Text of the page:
What Made the Anglo-Saxons Capable of Conquering the Britons?

Mar 2015
1,458
Yorkshire
I think there was a hybridisation of British culture but not with A-S or other Germanics but with Ireland and possibly Pictland.

As an example, Charles-Edwards quotes the case of the Fourth Century Romano-British broach which developed into the the Penannular Class I Brooch produced in Celtic Britain (especially old Votadini territory) and copied in Ireland. This particular broach became a symbol of status in both societies.

So I beleive there is better evidence for a sharing of material and certainly ecclesiastical cutlure within the "Celtic World" than between Briton and A-S.
 
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Peter Graham

Ad Honorem
Jan 2014
2,649
Westmorland
It is true there are no finds in Wales but there are some in the British Kingdom of Elmet and in Ireland and one might question why all have Celtic designs and not a single germanic inscription, except those stolen or otherwise acquired by Norwegian Vikings (runic and clearly added later).
I think the question you posit is an extremely interesting one. It brings us on to asking 'what is a Briton?' The discussions in this thread all seem to implicitly accept that there is a kit or uniform (or 'cultural assemblage', as archaeologists would term it) which allows us to draw conclusions about ethnicity. So, if you see X, Y or Z in a grave, you must be looking at an Anglo-Saxon. Or a Briton. Or whatever. This hypothesis is subject to increasing challenge. Insofar as hanging bowls are concerned, I think we need to ask questions such as "why do such distinctly British pieces only appear in what we currently term 'Anglo-Saxon contexts' but rarely, if ever, in those parts of the country where we all agree that the Britons actually lived?" Because it is odd, is it not, that the Britons of Wales or the north should apparently not have used such obviously British artefacts?
 

authun

Ad Honorem
Aug 2011
5,219
I looked at the map and there appear to be around 5 or 6 finds in the extreme South of what some think was Elmet territory. However I publish below the page taken from Bruce Mitford's book which tentatively suggest Elmet as the source:


I see, the place where he thinks the Sutton Hoo bowl was made. I understood when you wrote "no finds in Wales but there are some in the British Kingdom of Elmet " that you meant some bowls were found in Elmet, rather than being made there. Sadly, we have no high status burials in Elmet for the 7th century.
 

authun

Ad Honorem
Aug 2011
5,219
So, if you see X, Y or Z in a grave, you must be looking at an Anglo-Saxon. Or a Briton. Or whatever. This hypothesis is subject to increasing challenge. Insofar as hanging bowls are concerned, I think we need to ask questions such as "why do such distinctly British pieces only appear in what we currently term 'Anglo-Saxon contexts' but rarely, if ever, in those parts of the country where we all agree that the Britons actually lived?" Because it is odd, is it not, that the Britons of Wales or the north should apparently not have used such obviously British artefacts?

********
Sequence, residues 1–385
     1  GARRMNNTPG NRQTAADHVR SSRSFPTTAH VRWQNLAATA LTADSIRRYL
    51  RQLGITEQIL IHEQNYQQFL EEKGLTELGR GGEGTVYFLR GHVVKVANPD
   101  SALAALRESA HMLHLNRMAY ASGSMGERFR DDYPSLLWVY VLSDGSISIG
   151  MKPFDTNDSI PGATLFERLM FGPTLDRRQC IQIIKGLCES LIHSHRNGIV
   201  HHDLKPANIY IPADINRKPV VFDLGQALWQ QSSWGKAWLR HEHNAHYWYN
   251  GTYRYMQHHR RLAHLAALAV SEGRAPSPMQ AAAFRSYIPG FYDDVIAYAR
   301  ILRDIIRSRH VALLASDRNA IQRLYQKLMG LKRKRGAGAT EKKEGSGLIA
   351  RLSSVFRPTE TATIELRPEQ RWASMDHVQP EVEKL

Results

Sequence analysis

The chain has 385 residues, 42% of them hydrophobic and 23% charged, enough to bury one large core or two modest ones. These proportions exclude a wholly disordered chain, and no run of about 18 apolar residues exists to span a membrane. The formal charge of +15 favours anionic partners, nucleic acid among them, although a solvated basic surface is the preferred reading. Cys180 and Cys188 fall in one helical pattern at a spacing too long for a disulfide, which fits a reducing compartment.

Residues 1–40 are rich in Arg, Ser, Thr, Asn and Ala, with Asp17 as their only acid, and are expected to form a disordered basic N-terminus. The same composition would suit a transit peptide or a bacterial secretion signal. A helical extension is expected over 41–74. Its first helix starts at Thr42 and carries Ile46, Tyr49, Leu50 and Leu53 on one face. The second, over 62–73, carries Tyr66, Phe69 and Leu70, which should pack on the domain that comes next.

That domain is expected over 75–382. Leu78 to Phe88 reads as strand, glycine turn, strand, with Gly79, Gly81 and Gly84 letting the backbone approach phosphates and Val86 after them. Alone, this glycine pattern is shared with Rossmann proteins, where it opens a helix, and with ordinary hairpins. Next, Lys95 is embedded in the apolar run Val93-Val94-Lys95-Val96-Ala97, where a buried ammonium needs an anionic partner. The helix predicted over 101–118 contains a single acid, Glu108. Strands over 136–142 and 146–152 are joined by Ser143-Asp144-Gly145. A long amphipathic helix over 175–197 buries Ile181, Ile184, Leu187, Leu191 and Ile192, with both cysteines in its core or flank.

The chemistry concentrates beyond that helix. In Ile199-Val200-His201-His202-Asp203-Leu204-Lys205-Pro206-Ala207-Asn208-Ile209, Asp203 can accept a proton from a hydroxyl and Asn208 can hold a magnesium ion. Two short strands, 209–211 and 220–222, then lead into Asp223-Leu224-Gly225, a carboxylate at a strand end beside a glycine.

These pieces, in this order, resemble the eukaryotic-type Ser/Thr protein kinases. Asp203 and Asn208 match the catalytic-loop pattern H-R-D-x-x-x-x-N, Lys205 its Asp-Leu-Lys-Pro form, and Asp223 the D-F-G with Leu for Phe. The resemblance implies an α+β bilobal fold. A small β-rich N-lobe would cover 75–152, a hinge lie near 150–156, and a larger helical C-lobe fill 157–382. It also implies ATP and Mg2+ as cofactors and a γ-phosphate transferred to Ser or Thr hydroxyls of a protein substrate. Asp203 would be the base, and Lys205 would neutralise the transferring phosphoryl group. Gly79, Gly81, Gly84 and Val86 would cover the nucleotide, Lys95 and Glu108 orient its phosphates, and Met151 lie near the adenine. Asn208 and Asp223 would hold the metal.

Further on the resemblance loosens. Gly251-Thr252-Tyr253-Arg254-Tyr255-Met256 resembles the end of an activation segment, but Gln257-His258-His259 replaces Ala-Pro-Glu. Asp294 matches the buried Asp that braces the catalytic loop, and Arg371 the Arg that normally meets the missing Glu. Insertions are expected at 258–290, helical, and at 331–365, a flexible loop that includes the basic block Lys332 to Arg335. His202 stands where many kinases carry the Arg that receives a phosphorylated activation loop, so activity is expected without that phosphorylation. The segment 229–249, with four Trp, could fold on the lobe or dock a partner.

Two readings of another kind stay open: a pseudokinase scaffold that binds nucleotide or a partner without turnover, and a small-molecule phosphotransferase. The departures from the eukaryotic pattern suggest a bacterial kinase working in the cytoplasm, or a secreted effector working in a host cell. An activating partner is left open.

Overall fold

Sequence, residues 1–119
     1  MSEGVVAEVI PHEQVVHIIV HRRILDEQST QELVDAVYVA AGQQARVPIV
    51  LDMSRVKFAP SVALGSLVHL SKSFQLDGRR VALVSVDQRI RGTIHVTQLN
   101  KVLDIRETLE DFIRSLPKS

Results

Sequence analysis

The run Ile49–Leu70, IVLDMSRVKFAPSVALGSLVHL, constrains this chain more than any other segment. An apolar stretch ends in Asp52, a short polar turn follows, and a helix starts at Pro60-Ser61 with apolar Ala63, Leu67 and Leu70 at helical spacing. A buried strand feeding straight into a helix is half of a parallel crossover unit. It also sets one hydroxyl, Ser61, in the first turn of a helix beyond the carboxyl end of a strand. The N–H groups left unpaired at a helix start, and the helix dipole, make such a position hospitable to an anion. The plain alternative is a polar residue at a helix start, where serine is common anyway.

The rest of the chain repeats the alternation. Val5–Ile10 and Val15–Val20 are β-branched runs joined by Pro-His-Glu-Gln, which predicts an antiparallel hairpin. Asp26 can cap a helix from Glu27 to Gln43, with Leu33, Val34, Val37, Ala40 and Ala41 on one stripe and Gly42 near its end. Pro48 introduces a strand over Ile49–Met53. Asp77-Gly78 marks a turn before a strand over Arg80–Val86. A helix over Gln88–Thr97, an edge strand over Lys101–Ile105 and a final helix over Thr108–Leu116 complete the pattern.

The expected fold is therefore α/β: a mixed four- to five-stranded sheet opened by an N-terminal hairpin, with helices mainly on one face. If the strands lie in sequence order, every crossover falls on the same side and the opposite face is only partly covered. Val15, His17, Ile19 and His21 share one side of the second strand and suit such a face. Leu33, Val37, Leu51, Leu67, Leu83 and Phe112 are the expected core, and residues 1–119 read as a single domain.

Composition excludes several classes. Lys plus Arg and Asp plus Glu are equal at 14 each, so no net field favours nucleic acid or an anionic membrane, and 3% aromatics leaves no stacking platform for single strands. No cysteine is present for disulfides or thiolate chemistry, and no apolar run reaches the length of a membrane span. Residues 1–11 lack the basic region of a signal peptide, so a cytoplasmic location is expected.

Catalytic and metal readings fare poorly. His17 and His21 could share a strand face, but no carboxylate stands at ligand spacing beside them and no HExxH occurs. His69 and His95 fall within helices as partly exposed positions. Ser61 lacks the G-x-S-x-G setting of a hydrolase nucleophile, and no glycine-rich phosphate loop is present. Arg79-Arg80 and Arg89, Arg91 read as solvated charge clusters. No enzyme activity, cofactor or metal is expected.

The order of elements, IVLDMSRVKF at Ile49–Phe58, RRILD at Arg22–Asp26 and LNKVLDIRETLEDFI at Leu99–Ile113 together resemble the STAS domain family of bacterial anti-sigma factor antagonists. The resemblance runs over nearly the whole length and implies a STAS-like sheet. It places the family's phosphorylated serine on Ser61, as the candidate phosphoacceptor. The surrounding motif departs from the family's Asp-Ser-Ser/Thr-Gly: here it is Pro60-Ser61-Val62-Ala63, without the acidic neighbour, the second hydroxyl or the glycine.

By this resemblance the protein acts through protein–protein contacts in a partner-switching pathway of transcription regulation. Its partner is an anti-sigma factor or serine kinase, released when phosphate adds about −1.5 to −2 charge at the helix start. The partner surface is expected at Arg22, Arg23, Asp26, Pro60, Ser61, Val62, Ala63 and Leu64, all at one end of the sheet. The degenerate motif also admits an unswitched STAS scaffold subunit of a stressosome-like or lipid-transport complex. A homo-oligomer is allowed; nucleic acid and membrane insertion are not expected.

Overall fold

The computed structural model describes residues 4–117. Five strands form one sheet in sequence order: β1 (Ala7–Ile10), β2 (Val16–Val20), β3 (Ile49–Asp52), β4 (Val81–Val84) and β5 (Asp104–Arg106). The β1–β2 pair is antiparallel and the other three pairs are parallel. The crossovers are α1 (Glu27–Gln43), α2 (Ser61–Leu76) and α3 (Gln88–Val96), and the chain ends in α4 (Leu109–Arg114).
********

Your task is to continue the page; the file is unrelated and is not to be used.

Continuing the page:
Heinrich Härke suggested a few decades ago that the invisible britons might be found in culturally anglo saxon graves. However, there are still parts of the Britain where invisibility is 'the norm'. These four graphs, from Härke's MED publication show anglo saxon burial sites, sites where place names indicate the presence of britons, pennanular brooches and hanging bowls.

med.jpg
 
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Nov 2008
1,417
England
By mixing, I mean:-

1. Marriage (as discussed the other week with Authun and Aelfwine)
2. Trade/exchange (including the hanging bowls we are now talking about, but probably much more about agricultural surplus. New settlers need time and raw materials to build and establish their farms and they can't always just have nicked everything off the Britons).
3. Alliance (as attested for the sixth century, at least by later sources)
4. Assimilation (as attested in Gildas who bemoans some of his countrymen making accord with the barbarians)
5. Hybridisation (my big theory which no-one here agrees with!).
Numbers one and three: we know this happened. There are attested examples of political marriages and alliances.

Number two: Trade. I do not believe this happened to a great extent, particularly in the sixth century. The economics during that century was primitive and localised with most produce being made at village level.

Number four. I would replace "assimilation" with "submission", and we know that happened.

Point number five: Hybridisation. If this happened, it did not do so to any large degree. There is no real evidence it did, although there is a possibility it may have happened to a localised extent in Mercia.
 
Nov 2008
1,417
England
I think we need to ask questions such as "why do such distinctly British pieces only appear in what we currently term 'Anglo-Saxon contexts' but rarely, if ever, in those parts of the country where we all agree that the Britons actually lived?"